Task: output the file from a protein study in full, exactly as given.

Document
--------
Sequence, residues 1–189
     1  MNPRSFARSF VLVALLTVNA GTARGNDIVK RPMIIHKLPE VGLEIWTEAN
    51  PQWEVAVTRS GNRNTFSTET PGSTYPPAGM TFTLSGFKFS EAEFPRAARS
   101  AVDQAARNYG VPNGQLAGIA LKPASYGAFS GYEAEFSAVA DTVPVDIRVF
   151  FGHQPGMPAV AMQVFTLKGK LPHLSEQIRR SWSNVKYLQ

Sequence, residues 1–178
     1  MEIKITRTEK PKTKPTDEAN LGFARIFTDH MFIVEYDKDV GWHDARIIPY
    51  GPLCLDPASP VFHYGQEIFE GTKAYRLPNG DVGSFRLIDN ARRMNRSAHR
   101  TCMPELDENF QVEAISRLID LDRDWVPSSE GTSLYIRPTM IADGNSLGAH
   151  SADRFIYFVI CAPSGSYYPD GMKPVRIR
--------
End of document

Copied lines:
Sequence, residues 1–189
     1  MNPRSFARSF VLVALLTVNA GTARGNDIVK RPMIIHKLPE VGLEIWTEAN
    51  PQWEVAVTRS GNRNTFSTET PGSTYPPAGM TFTLSGFKFS EAEFPRAARS
   101  AVDQAARNYG VPNGQLAGIA LKPASYGAFS GYEAEFSAVA DTVPVDIRVF
   151  FGHQPGMPAV AMQVFTLKGK LPHLSEQIRR SWSNVKYLQ

Sequence, residues 1–178
     1  MEIKITRTEK PKTKPTDEAN LGFARIFTDH MFIVEYDKDV GWHDARIIPY
    51  GPLCLDPASP VFHYGQEIFE GTKAYRLPNG DVGSFRLIDN ARRMNRSAHR
   101  TCMPELDENF QVEAISRLID LDRDWVPSSE GTSLYIRPTM IADGNSLGAH
   151  SADRFIYFVI CAPSGSYYPD GMKPVRIR